Enterovirus Test

Testing includes testing for:

echoviruses and coxsackieviruses



There are many different forms of enterovirus, and often their symptoms are difficult to tell apart from a common cold or sore throat. Yet enterovirus infections can be serious. This screening test can help you understand when an infection is caused by enterovirus.


What is enterovirus?

A family of viruses that can infect anyone but are most common in children and infants.

How did I catch it?

Contact with the saliva or faeces (poo) of an infected person are the most common ways of contracting enterovirus.

What are the symptoms?

Enterovirus infections vary depending on the specific type of virus. 90% of people infected will have no symptoms. Mild symptoms include colds, sore throats and fever. Severe infections can include brain and heart conditions, pneumonia and hepatitis.

How do I get tested?

Book a simple blood test now.

Did You Know?

The simplest way to protect yourself against enteroviruses is by washing your hands frequently.

What is enterovirus?

Enterovirus is the collective name given to a group of viruses that typically live in the gastrointestinal tract (the tube that takes food from your mouth right the way through your body). There are dozens of different forms of enterovirus. Some cause polio (the only enterovirus for which there is a vaccine). The rest (non-polio enteroviruses) cause a range of symptoms which vary depending on the specific form of infection.

The two most common families of enterovirus are echoviruses and coxsackieviruses – which together account for most enteroviruses. This blood test screens for both subgroups.

Mild symptoms of enterovirus

Because there are so many forms of enterovirus, symptoms can vary significantly. 90% of all enterovirus infections won’t result in any symptoms, and those that do will most commonly be cold and flu-like symptoms. Common symptoms may also include:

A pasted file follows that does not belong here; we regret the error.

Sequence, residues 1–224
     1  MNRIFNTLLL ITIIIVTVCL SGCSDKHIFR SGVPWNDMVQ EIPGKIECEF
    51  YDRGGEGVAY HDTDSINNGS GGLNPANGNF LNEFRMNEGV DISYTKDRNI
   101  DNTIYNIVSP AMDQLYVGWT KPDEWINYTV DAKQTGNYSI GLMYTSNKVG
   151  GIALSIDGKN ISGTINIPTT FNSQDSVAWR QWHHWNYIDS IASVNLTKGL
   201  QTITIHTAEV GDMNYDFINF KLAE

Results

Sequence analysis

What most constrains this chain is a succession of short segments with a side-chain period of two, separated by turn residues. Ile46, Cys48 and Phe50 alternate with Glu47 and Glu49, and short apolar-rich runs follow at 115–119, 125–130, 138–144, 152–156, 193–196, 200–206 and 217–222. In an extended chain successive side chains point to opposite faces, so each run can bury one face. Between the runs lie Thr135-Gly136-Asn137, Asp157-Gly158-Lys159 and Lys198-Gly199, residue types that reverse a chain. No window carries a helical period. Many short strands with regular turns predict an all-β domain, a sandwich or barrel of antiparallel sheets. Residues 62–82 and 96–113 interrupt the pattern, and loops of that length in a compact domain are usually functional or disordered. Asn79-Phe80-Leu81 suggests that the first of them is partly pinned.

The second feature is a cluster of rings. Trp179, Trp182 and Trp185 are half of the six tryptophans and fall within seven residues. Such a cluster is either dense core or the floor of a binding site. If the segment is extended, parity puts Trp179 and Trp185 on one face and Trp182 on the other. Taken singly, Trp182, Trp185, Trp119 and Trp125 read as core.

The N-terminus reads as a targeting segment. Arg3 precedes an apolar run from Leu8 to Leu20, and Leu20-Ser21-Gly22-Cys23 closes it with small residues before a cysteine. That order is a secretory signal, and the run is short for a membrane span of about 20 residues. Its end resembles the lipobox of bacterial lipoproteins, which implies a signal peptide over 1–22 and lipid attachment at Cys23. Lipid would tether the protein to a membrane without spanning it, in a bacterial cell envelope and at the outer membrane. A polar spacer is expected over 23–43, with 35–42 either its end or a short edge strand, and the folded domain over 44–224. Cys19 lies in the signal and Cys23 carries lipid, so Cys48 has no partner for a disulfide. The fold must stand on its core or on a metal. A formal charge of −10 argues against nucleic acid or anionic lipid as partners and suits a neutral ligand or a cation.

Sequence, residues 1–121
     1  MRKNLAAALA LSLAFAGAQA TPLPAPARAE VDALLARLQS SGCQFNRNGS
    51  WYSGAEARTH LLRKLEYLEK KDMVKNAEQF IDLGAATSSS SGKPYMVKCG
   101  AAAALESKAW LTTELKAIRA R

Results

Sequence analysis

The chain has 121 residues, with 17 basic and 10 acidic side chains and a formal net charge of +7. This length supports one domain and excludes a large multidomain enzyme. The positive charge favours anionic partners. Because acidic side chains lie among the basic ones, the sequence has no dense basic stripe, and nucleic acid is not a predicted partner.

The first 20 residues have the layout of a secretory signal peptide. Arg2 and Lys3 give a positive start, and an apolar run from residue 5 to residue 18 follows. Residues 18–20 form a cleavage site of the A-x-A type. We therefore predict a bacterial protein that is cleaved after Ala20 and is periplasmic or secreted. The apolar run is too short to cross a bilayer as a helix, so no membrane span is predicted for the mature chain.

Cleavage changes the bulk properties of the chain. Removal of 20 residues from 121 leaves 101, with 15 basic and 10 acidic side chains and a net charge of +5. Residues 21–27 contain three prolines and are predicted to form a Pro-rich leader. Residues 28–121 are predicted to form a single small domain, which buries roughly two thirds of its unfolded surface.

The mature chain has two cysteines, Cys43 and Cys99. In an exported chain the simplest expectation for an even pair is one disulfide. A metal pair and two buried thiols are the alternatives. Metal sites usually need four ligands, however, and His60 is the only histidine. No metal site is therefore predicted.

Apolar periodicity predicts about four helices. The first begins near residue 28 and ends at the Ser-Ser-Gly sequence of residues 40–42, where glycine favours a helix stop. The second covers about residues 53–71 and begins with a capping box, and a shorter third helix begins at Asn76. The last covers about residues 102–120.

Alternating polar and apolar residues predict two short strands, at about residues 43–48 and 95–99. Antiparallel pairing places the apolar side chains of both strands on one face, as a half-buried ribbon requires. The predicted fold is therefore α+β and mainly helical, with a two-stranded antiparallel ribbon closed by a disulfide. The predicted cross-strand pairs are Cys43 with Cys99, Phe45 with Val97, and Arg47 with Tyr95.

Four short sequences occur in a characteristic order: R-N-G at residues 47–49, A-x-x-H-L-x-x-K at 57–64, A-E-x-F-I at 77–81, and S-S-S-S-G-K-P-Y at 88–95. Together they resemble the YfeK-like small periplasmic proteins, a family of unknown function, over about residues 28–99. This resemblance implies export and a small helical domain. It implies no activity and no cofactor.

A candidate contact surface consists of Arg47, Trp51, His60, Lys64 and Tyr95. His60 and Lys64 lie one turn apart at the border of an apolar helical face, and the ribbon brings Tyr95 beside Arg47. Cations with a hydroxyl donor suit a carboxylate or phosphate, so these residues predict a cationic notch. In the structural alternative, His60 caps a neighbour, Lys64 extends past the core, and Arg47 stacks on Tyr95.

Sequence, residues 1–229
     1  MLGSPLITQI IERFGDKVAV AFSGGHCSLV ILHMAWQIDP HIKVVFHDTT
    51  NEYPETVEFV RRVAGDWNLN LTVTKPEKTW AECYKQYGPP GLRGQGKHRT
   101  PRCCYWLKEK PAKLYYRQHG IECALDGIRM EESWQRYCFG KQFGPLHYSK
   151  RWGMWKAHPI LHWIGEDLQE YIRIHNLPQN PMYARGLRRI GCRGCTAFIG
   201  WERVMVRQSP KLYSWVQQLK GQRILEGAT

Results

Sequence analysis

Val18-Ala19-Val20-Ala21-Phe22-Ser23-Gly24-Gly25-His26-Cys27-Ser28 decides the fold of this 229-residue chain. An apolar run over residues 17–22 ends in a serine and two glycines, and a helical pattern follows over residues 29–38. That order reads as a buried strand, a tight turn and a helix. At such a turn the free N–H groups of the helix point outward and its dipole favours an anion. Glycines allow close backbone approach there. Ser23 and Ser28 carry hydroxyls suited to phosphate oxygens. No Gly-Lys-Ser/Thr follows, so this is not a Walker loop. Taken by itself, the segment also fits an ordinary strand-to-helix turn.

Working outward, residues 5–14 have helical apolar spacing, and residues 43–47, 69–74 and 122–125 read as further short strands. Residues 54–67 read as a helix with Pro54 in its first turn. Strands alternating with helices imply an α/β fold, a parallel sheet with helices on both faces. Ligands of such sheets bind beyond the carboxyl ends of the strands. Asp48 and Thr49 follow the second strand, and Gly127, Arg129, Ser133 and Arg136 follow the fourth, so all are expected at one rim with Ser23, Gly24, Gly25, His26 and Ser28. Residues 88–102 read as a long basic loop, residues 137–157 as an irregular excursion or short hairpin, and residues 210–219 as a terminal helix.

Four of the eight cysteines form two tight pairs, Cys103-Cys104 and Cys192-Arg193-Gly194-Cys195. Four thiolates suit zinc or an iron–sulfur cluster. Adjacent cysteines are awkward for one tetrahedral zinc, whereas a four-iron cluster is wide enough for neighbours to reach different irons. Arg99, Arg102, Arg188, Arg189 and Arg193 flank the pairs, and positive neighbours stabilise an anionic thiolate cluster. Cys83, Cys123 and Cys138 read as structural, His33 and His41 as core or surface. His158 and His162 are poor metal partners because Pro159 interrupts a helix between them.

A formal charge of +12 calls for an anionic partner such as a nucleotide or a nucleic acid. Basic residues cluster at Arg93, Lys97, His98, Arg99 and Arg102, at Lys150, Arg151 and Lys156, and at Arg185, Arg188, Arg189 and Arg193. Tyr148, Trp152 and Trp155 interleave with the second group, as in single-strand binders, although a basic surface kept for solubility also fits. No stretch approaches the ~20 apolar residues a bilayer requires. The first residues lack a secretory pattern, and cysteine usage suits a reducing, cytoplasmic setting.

• Fever
  • Aching, sore muscles
  • Vomiting
  • A skin rash (non-itchy)
  • Reddened, watery eyes (conjunctivitis)
  • Mouth blisters

Enterovirus complications

The variety of enteroviruses means that complications can also be wide- ranging. Certain enteroviruses can infect the brain (encephalitis), the spinal cord and brain (meningitis), the heart muscle, the tissue around the heart, or can cause breathing difficulties.

These symptoms are most likely to occur in young children, the elderly and those with impaired immune systems. If you notice wheezing, chest pains, a rapid heartbeat, blue lips or swollen legs or ankles, seek urgent medical attention.

How can I catch enterovirus?

Enterovirus spreads via contact with saliva and faeces (poo). The simplest way to avoid catching or transmitting enterovirus is to wash your hands frequently.

How do I treat enterovirus?

Polio is the only enterovirus for which we have a vaccine. The rest cannot be cured, but most enterovirus infections will pass in a few days and have no lasting effect. Rest, drinking fluids and treating pain with ibuprofen or similar can help. Antibiotics are not effective against any enterovirus.

How can this test help me?

Many of the symptoms of enterovirus are like other conditions so, for example, it can be difficult to tell whether your child’s fever or sore throat is caused by an enterovirus of something else.

This test checks for many enterovirus types, helping you take the guesswork out of managing the illness.

How do I get tested?

One simple blood test will quickly indicate whether you have an enterovirus infection.

To get tested please contact Better2Know your Body on the number above or click book now.